Peter (pictured left) elaborated with: “I felt one thing I learned from FDIC Academic Challenge is that the data in today’s world is extremely complex. Being able to eliminate the “noise” and to see the real relationship and story behind numbers is an extremely important skill to have. In the future, I would probably take more classes related to econometrics and statistics as I complete my major in Economics.
Looking more broadly, Maeve added: “This truly was such a team effort. Everyone brought different strengths and perspectives to the table. The challenge reminded me of the importance of working together and drawing from a variety of resources – each other, professors, academic articles, and even videos online.”
Please share any additional information that you think others might want to hear (or benefit from hearing) about your experience with this opportunity.
Rafaela stated: “It was extremely valuable to work on this project, as I was able to see first-hand the use of my skills for real-world applications.”
Peter encouraged others with “I think we all should actively seek opportunities such as FDIC Academic Challenge to try to apply the knowledge we learned into a real world setting to practice and to learn more from those experiences because they would help us to make important decisions such as choosing classes, majors or what careers to pursue.”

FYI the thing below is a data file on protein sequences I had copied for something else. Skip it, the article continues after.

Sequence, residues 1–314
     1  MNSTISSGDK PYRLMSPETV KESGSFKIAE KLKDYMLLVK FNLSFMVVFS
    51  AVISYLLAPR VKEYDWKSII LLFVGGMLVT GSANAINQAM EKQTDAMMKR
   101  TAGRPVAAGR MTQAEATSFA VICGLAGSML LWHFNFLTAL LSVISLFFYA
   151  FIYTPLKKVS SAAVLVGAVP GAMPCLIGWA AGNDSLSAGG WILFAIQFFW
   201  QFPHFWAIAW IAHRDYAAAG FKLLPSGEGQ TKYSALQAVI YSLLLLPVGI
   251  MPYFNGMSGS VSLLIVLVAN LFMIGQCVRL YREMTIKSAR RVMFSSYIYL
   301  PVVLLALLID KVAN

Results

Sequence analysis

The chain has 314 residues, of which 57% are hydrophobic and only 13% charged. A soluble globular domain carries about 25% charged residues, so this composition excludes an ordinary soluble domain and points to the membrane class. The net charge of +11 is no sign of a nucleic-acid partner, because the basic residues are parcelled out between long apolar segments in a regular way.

Maeve opened up to share: “Before the FDIC Challenge, I hadn’t competed in an economics-based competition before, didn’t know how to analyze data in Excel, and I didn’t have a team. I wrote to Dr. Vaidyanathan saying that I was interested in participating, but I didn’t know anyone else who would want to tackle the challenge. Luckily, I was thrown together with incredible and hardworking teammates whose insights and dedication made us national finalists. I hope my experience with this challenge encourages others to try things they’ve never done before with people they’ve never met. This opportunity was incredibly rewarding and taught me professional skills I can use later in my career.”
Gabi (pictured right) wraps it up well, by summarizing with “The FDIC Academic Challenge was a project out of my comfort zone, but I am so glad that I participated. I was able to delve more into my major, apply skills that I have learned, build my confidence, and get to know my fellow classmates. Overall, I think that it was such a great learning experience, and I am looking forward to participating again in the future.”
Congratulations to Rafaela, Maeve, Peter, and Gabi, who were one of the top five finalists teams nationwide in the inaugural FDIC Challenge. Look for information from the Economics department about the 2nd annual 2021-2022 FDIC Challenge opportunity.